The problem with taking away recess or lunch with friends is that these seem like “extra” or “just fun” things, but as we may have realized over the past year and half, these are essential parts of the school day. They provide socialization, feedback on friendship, learning about boundaries, exercise, and opportunities for creativity.
If I take away all socialization and isolate a child, that is not healthy for their well-being. They no longer belong to the class. If I punish a student for poor choices by removing all pleasure, I’ve removed any motivation for them to come to my class tomorrow.
Similarly, I’ve heard teachers say that students lost the privilege of going to the bathroom during their class; this doesn’t sit well with me because this is a right of students to use the restroom especially since you don’t understand every medical problem or reason someone might need to go. Maybe they lose the option of traveling with a buddy and need to be watched walking down the hallway by you from your door. Maybe you have to call the office so they are escorted until they can be trusted again. Maybe they need an assigned classroom buddy. All of those pieces are privileges but the need to be able to go to the bathroom remains.
Some teachers will respond, “But I know they don’t have to go.” If you put more restrictions around going to the bathroom, they will be less likely to go unnecessarily in the first place. That’s not to encourage you to have lots of restrictions around the bathroom for everyone; I personally feel that trying to monitor that intensely is a waste of energy. I know that when I have a day filled with projects and stations and partner work, kids just don’t need to go to the bathroom as often. They are not thinking about it as much and tend to go as we’re traveling and transitioning around the building.
Arguing over whether or not they’re allowed to go will likely drain your energy. Instead, say, “Due to ____ incident, I will send you with _____ or I will watch you go to _____ (specific location down the hall) from my door.”
As another example, if I take away all writing utensils or all paper, that does impact learning and can shame students. They might feel as though there’s no point in them being there.
We must keep in mind that guilt and shame is not our goal as educators; our goal is improved behavior. What action can we take that will improve behavior?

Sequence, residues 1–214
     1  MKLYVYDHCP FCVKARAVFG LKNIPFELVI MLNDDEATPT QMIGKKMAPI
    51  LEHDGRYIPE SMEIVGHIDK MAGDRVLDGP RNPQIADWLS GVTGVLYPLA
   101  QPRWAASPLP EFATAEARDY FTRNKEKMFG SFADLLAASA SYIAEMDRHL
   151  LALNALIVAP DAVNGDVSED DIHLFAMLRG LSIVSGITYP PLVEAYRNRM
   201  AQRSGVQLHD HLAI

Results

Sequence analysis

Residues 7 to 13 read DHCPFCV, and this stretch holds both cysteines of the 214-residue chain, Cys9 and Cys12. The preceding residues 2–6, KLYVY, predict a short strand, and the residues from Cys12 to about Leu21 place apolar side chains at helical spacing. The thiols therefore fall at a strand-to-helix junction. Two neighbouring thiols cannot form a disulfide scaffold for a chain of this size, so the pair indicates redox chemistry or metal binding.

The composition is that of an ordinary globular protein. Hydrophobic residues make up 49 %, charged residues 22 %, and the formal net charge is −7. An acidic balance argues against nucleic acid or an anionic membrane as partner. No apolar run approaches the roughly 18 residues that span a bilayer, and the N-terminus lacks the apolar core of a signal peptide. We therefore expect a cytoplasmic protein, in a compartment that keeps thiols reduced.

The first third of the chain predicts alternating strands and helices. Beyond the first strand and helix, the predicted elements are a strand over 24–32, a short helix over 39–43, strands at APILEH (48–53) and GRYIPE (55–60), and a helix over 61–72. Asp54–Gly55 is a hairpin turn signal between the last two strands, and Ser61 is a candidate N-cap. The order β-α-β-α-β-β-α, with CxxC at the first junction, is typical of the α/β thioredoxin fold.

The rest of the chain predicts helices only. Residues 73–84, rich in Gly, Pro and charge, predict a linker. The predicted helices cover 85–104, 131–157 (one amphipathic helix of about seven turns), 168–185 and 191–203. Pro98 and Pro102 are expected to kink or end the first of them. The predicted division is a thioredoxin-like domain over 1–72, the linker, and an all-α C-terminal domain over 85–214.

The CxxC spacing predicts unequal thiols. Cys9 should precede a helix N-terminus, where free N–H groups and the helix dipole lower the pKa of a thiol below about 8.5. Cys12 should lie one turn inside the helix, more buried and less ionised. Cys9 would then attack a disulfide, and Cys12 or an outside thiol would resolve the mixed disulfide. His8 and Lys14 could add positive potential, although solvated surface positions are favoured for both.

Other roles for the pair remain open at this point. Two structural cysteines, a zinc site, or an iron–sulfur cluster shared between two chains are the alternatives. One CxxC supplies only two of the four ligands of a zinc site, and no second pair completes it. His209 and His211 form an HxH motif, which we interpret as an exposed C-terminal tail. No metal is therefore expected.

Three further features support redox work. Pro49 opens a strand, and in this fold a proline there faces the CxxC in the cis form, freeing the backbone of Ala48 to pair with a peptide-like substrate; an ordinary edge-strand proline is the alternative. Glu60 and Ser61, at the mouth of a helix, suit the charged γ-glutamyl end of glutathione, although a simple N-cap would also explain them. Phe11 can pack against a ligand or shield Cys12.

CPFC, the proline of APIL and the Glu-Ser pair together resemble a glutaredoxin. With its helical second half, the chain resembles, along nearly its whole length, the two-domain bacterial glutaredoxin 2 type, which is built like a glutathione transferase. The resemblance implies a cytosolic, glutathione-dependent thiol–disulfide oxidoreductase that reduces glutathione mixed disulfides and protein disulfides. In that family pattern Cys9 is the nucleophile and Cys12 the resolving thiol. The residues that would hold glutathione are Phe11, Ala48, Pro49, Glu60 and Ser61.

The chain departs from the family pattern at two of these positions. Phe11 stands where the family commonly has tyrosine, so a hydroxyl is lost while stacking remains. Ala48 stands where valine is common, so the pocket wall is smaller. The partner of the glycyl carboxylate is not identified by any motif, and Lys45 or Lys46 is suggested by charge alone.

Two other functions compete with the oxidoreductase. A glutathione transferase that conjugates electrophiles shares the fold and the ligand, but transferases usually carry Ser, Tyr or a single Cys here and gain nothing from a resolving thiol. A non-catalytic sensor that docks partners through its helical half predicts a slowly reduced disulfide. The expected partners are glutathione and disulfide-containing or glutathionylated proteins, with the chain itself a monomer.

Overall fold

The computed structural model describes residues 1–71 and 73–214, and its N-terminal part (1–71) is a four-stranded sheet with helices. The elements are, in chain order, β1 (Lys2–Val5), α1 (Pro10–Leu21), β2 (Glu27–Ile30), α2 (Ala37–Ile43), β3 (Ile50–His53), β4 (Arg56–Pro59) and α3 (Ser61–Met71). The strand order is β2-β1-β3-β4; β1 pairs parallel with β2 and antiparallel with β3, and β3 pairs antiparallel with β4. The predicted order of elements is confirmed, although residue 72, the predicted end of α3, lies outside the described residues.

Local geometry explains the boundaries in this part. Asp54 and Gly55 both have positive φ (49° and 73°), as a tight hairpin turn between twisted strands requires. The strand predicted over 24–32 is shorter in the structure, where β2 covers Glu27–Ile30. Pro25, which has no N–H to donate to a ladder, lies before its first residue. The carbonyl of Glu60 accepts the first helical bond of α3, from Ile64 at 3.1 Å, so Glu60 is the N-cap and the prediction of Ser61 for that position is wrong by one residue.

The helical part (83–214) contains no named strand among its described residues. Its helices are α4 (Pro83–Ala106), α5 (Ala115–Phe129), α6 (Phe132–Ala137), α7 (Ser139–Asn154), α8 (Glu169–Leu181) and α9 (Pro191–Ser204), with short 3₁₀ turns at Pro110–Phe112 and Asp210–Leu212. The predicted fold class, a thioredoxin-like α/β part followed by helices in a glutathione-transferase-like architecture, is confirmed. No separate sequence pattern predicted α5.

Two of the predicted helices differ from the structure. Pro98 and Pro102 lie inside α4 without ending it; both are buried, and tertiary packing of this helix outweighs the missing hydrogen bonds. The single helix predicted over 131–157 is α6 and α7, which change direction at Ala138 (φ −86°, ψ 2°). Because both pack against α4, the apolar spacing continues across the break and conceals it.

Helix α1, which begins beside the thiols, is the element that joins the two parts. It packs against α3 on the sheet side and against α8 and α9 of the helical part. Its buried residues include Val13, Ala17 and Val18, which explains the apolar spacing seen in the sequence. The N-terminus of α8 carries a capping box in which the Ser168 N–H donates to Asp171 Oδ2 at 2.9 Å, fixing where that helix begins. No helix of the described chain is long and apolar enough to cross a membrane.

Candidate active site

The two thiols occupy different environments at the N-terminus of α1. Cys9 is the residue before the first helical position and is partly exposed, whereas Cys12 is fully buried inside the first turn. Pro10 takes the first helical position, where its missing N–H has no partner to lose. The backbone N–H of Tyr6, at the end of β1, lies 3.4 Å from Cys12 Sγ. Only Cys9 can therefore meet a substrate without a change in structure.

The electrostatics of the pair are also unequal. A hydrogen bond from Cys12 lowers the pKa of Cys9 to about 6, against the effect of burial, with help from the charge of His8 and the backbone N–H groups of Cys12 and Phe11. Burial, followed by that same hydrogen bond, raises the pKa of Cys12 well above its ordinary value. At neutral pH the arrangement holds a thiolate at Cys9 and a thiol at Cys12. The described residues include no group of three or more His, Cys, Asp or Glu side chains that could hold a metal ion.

Fostering belonging, significance, and fun
The thing that actually sold me on Responsive Classroom was an opening activity in a training where we as teachers had to think of a time where we felt belonging, significance, and fun. I personally thought of being a camp counselor. I was a part of a team. What I did really mattered to kids and families. Plus, I had so much fun! What do you think of it? Don’t you want more of that?
Responsive Classroom is about creating that atmosphere for kids. I can’t imagine anything better than a classroom where students feel like they belong, like their learning matters in the world, and that they’re having fun. These are needs for students. They need to feel reinforced with positive language. They need rest. They need to feel cared about. They need socialization. This means that I need to consider talking to friends, building relationships, recess, and play as needs. They are not merely “nice to have.”
Belonging may feel like it’s great if it happens, but if it doesn’t, it’s on the kid for pushing others away. Is it, though? I’ve heard teachers say, “That kid and I just didn’t click.” It’s our responsibility as teachers to try to connect to kids. It won’t be easy for every student, but we can’t accept that a student just doesn’t fit in with us or our class.
Significance can feel like a luxury with pacing guides chasing you and lesson plans that need to be jam-packed with standards. If we don’t consider the meaningfulness of our curriculum and our lessons, students will have a hard time feeling like what they do in class matters. We need to consider the purpose of our lessons and our class in general.
Fun can make teachers think, “Wait, I’m here to teach. Students are here to learn,” I’m not going to argue with you. The thing is since learning is connected to our emotions, we need to consider how to support students’ emotional well-being. If a student is happy and having fun, they are going to learn more. Plus, infusing fun into lessons is a great way to avoid burnout as a teacher.
If we can create classrooms that foster belonging, significance, and fun, students want to participate fully and want to behave. And if they want to behave and do the right thing, then you can focus on helping them accomplish that goal by taking a break or repairing relationships vs. trying to find a suitable punishment.
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Supporting kids who struggle with socialization
Another tenet of Responsive Classroom is that the social curriculum is as important as the academic curriculum. We need to support students in their social development, no matter their age. If their behavior toward other students and how they socialize is the problem, Take a Break is often a better response to this type of issue. If I create an extremely isolating experience for a child, this is taking away a need. They need socialization, so I don’t want to remove them from the entirety of an experience, they just need to take a break from it.